Reclaiming the silence

May 17, 2016

Reclaiming the silence |

It’s 4a.m.


I’ve been awake for an hour, and surrender has washed over me.  I know I’m not going to be returning to bed tonight.

I have my small boy in my arms, and he has finally found his way into a peaceful sleep, huffing and sighing the slumber of a baby cutting teeth and learning new things and made restless by any number of other monumental changes in his tiny life.

And I’m wishing, somewhat frantically, that I had my phone with me.


I flip between mindfulness – noticing how laughably (and sadly) lost I feel without stimulus – and sheer desperation, plotting a stealthy move back upstairs to retrieve it, hoping that I don’t wake my wee one along the way.

He snuffles a little, and stirs, and I take a breath.  I sit still.  I sit inside my discomfort.  I make a nest there and look down at the parted lips of my sweet baby, his impossibly long eyelashes.  I look out the window and imagine my neighbours, snuggled, snoring, dreaming.  Gratitude for warmth wraps me in my grandmother’s fleece shawl, which I am thankful to have remembered to toss over my shoulders on my way downstairs, which I am thankful is the symbol of maternal comfort in our house.  My children know to calm their bodies and slow their breath at its softness on their cheeks.

I daydream, a little, about the many cups of tea I will drink this morning, once the sun shines through the windows, in an attempt to shake off this sleepless night.  

I wish I had my phone again.

(a work in progress, this is).

But it’s a lesson, nonetheless.  A realization that I have been too quick to grab for its familiar shape and glowing screen, for the mindless scrolling made justified when I convince myself that I am “looking for inspiration” or “networking.”  I have lost, hopefully only for a short time, the ability to let silence and softness and darkness just be.

I remind myself that it is in this silence and softness and darkness that my intuition awakens.  It is where inspiration lives, and gratitude, and spaciousness, and self-awareness.  It is where I can go to feel found when I feel lost.  It is where time stops and my children stay children, innocent, with impossibly long eyelashes, huffing in their sleep.  It is me.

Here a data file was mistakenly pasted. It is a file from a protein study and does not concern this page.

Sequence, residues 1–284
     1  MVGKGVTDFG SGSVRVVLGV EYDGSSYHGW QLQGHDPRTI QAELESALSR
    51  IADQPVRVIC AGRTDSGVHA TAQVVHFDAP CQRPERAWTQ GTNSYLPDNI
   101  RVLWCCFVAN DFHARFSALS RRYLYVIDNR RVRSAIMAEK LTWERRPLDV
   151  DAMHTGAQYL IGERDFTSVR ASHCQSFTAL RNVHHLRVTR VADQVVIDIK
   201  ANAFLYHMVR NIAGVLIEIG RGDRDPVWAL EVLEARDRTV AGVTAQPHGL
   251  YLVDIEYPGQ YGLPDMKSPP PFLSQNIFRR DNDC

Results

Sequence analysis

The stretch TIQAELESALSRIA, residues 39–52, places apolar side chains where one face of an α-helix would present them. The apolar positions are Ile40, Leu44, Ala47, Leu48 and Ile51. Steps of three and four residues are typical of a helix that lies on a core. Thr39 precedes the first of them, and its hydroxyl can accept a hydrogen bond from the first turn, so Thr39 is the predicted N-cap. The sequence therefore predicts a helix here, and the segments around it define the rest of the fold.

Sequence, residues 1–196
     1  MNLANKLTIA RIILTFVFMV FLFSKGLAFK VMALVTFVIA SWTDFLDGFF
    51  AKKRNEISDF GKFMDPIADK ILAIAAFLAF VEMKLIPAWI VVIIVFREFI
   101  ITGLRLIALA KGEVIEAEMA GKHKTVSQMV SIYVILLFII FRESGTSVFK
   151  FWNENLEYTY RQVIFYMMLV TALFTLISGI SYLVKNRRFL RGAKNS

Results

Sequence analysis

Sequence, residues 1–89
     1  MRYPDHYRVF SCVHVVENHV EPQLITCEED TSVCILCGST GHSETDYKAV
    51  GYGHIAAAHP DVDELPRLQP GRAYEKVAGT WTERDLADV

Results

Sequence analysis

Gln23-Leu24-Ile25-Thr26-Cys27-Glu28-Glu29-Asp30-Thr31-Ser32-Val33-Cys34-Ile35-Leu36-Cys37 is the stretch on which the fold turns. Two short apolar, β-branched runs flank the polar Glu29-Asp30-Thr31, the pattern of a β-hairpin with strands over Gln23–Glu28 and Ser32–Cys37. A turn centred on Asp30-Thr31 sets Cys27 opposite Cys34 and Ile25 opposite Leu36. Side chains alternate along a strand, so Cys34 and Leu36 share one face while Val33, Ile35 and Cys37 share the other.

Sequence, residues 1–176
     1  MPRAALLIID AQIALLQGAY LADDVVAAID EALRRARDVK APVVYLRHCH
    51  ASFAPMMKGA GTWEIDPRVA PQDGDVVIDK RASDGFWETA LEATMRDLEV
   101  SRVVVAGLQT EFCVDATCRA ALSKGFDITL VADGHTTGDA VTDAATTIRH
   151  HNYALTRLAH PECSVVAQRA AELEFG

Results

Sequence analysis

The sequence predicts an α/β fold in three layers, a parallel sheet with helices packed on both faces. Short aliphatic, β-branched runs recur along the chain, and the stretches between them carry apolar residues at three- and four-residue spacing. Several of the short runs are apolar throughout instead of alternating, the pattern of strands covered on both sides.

The Becoming Podcast has been on a short hiatus while I focus on writing my book, but oh what a comeback episode I have for you!

This month, I spoke to Toko-pa Turner, who many of you may know as the unofficial patron saint of many of my circles and gatherings because of the sheer number of times I’ve quoted from the wisdom of her book, Belonging.

Toko-pa is a Canadian author, teacher, and dreamworker. Blending the mystical teachings of Sufism in which she was raised with a Jungian approach to dreams, she founded The Dream School in 2001, from which thousands of students have graduated. She is the author of the award-winning book, Belonging: Remembering Ourselves Home, which explores the themes of exile and belonging through the lens of dreams, mythology, and nature. This book has resonated for readers worldwide, and has been translated into 10 different languages so far. Her work focuses on the relationship between psyche and nature, and how to follow our inner wisdom to meet with the social, psychological, and ecological challenges of our time.

Here’s some of what Toko-pa and I talk about in this episode:

> The dream that changed Toko-pa’s life, causing her to question her career and, ultimately, her identity

> How we can court our dreams to support us during times of radical transformation – and the reasons so many of us have a hard time remembering and working with what shows up in our dreamscape

> Toko-pa’s perspective on the message of Belonging after the divisiveness our society has experienced in the years since it was published

> What happened for both Toko-pa and I when we fell out of belonging from the ideologies of the “wellness world”

> How to build community when you’re under-resourced

> “The Big Lie” when it comes to belonging, and how we can reclaim a sense of belonging to the greater family of things, as Mary Oliver so famously wrote

Listen to the episode on iTunes


Show Notes

Toko-pa’s Website

Belonging:  Remembering Ourselves Home, Toko-pa’s book

The David Abram video about animism mentioned in the interview

Toko-pa’s self-guided program, Dream Drops

Companion, the program that accompanies Belonging


Also, while you’re at it, if you enjoy The Becoming Podcast, I would be so grateful if you would rate and review, and even subscribe to it on iTunes.  That goes a long way to helping more and more people find and benefit from hearing these interviews!  Thank you so much!